Intermodal may be poised to win more freight away from TL carriers in the second half of the year due to current and impending federal regulatory efforts plus and growing driver shortage that are combining to reduce both truck productivity and capacity.
“It is clear to us that TL carriers serving long haul trucking lanes … are having difficulty finding sufficient numbers of high-quality drivers to seat their trucks,” said Ron Sucik, founder of RSE Consulting, during a webinar last week hosted by Wall Street investment firm Stifel Nicolaus.
“Driver quality regulations, such as the CSA [Compliance Safety Accountability] program, should remove a portion of the drivers from the industry while the upcoming hours-of-service [HOS] regulations should reduce the productivity of the remaining drivers,” he added. “The mandatory overnight rest periods will also take trucks off the road during the most productive and least congested times of the day.”
In sum, Sucik noted that the productivity “hits” from those two sets of regulations is estimated to be 3% and potentially 3% to 5%, respectively.
Sucik also said current driver pay is not high enough to encourage new entrants into the industry, pointing to U.S. Bureau of Labor Statistics wage data that indicated U.S. tractor-trailer driver wages only averaged $39,830 in 2011, significantly below the overall U.S. average annual wage of $45,230 that year.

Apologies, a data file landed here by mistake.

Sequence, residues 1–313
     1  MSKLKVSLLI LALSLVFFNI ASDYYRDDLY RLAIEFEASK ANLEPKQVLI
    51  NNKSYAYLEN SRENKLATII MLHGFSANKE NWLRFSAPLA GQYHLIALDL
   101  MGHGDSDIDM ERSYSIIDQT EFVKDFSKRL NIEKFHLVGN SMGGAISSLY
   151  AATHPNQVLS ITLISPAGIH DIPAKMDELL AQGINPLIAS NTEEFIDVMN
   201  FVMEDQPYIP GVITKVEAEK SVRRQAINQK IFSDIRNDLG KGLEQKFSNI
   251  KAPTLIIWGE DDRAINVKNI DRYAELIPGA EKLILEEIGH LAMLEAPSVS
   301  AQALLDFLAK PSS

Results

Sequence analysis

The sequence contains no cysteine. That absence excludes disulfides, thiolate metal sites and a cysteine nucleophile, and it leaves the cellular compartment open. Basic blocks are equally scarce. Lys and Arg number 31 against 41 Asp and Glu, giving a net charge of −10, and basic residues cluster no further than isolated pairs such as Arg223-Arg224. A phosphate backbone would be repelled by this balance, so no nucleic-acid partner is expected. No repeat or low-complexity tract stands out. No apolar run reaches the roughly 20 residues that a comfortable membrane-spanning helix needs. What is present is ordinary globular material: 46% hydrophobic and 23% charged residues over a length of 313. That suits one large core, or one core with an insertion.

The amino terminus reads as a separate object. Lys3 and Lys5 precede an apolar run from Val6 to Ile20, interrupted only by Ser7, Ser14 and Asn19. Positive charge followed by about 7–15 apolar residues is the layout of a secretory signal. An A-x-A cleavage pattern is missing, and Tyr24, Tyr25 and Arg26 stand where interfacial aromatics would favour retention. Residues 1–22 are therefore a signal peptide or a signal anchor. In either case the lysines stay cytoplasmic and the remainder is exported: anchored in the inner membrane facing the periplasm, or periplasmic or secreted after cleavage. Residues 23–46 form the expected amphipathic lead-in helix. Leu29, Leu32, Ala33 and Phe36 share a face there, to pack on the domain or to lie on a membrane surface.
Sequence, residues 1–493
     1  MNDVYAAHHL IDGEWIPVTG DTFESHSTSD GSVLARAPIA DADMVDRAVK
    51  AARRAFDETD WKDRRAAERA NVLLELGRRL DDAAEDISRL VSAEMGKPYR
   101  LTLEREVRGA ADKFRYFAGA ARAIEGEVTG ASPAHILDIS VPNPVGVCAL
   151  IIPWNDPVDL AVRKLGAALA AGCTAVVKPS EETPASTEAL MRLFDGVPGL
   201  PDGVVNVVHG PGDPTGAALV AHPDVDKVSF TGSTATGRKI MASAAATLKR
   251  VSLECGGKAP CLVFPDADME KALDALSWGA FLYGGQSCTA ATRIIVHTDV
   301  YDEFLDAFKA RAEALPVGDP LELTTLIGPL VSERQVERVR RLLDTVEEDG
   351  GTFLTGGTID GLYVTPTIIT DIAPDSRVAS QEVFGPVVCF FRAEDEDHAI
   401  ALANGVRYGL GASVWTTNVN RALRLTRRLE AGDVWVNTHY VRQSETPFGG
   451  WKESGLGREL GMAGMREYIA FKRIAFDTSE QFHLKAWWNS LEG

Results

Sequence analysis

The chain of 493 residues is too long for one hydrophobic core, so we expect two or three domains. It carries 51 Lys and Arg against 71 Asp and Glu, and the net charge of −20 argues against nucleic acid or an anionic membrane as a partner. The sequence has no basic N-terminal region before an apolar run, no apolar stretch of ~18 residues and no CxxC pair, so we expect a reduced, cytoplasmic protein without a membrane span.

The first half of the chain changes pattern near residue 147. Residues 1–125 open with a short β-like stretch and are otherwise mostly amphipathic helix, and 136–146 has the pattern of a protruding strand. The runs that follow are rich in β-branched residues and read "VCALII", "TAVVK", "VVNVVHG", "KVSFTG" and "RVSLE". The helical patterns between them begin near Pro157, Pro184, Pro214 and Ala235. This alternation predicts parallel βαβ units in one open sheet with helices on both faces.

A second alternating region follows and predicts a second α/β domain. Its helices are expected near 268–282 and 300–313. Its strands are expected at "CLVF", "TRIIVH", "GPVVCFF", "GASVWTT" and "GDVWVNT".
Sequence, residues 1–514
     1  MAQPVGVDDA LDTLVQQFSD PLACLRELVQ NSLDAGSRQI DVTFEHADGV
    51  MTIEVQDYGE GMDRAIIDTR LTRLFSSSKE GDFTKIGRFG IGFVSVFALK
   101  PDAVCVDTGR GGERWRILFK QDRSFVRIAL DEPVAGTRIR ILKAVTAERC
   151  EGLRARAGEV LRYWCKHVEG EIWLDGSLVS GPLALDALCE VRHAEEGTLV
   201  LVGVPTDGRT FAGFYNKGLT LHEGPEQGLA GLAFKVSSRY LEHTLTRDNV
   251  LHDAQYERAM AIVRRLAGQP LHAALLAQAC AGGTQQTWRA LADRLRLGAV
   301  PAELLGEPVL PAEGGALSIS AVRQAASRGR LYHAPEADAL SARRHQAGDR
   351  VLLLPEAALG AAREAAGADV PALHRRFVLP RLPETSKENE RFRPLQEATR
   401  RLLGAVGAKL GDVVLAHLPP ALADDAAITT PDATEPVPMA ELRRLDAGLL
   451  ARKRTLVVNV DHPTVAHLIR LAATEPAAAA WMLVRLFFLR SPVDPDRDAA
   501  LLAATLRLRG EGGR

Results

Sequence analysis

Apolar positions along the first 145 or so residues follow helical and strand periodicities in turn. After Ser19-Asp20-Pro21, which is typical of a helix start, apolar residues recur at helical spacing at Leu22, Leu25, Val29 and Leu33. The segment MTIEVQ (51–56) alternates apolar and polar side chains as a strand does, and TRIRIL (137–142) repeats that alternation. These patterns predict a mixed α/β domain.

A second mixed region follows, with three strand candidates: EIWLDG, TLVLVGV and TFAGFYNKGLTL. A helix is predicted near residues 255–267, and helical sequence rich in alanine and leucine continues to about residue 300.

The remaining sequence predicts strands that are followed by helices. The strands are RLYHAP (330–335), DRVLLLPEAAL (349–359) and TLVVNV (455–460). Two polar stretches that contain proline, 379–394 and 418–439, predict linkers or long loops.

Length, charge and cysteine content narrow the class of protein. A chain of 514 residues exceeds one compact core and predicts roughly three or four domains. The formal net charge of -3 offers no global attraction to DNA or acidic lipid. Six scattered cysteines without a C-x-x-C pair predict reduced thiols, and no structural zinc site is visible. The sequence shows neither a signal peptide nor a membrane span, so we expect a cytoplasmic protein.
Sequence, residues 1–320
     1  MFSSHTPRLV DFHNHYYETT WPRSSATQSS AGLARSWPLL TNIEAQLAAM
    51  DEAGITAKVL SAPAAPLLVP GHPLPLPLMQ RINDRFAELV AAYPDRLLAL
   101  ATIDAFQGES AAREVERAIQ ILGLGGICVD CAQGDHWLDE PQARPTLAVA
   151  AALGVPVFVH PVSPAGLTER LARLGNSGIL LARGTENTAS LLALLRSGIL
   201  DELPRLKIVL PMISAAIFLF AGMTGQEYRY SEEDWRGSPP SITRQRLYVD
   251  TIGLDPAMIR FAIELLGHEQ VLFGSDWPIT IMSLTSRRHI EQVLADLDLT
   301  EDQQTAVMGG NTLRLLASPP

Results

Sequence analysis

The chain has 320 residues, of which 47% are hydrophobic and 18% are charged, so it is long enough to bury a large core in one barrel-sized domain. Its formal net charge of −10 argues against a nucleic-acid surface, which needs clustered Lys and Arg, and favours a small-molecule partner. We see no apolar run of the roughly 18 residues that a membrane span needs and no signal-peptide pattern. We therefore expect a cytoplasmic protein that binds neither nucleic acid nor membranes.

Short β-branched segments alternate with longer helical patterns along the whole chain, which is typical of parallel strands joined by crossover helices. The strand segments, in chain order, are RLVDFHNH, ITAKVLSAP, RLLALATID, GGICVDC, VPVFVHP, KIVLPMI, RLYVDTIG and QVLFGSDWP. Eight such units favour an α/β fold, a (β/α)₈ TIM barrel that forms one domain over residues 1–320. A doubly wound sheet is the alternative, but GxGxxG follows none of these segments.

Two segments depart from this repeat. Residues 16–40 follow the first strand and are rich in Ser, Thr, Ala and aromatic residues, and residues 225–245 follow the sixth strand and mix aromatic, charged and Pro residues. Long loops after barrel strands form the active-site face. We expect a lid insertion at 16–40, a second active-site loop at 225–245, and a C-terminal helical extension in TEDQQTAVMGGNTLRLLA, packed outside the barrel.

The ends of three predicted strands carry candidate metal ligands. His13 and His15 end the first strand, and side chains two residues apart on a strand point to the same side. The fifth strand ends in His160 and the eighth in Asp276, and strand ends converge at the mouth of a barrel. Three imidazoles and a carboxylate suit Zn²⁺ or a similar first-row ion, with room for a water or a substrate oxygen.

As a result, truck capacity is at a four-year low, and by the second half of 2012 a shortage of truck capacity could become acute, he stressed – encouraging many shippers to shift more freight away from trucks to truck-rail intermodal service, even for shorter lengths-of-haul than in the past.
“The fastest growing intermodal length of haul is in the 500 to 750 mile range,” Sucik said. “Intermodal has about a 20% share with trucking in tonnage with lengths of haul over 1,000 miles and it has just over 10% market share with truck in tonnage with lengths haul between 500-750 miles. [But] the 500-750 mile intermodal length-of-haul lanes represent a market that is much less mature than the lanes that contain 2,000-plus mile lengths of haul.”
He added that recent intermodal investment by railroads has been concentrated in areas that will go toward serving origin-destination pairs that were not historically served well by intermodal; areas such as Norfolk Southern's Crescent Corridor, which is intended to take trucks off the roads, and CSX's North Baltimore-Ohio intermodal terminal which is intended to open up new intermodal origin-destination pairs.
Sucik also emphasized that most of the large intermodal providers have added very significant volumes of domestic containers within the past year – with J.B. Hunt being the most significant – so a shortage of intermodal capacity should not develop.
He added that the intermodal trailer/container fleet increased by 4,500 units in 2012, with the total number of domestic containers in the U.S. – managed by either railroads, motor carriers, or third party logistics provides (3PLs) – totals about 215,000 units, up 14,500 units 2011.
“[Thus] there also does not appear to be a major risk of availability issues with intermodal cars for the 2013 peak intermodal shipping season,” Sucik pointed out.